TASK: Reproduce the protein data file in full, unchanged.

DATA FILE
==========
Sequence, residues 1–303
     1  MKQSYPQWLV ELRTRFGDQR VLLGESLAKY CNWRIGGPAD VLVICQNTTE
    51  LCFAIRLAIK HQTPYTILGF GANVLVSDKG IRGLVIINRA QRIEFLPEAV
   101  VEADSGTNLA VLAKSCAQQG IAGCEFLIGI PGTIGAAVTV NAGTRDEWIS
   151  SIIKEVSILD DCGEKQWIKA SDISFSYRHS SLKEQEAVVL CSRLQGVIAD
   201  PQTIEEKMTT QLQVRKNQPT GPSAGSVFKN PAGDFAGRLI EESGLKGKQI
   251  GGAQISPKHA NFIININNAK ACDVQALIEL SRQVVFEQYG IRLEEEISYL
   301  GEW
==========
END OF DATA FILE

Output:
Sequence, residues 1–303
     1  MKQSYPQWLV ELRTRFGDQR VLLGESLAKY CNWRIGGPAD VLVICQNTTE
    51  LCFAIRLAIK HQTPYTILGF GANVLVSDKG IRGLVIINRA QRIEFLPEAV
   101  VEADSGTNLA VLAKSCAQQG IAGCEFLIGI PGTIGAAVTV NAGTRDEWIS
   151  SIIKEVSILD DCGEKQWIKA SDISFSYRHS SLKEQEAVVL CSRLQGVIAD
   201  PQTIEEKMTT QLQVRKNQPT GPSAGSVFKN PAGDFAGRLI EESGLKGKQI
   251  GGAQISPKHA NFIININNAK ACDVQALIEL SRQVVFEQYG IRLEEEISYL
   301  GEW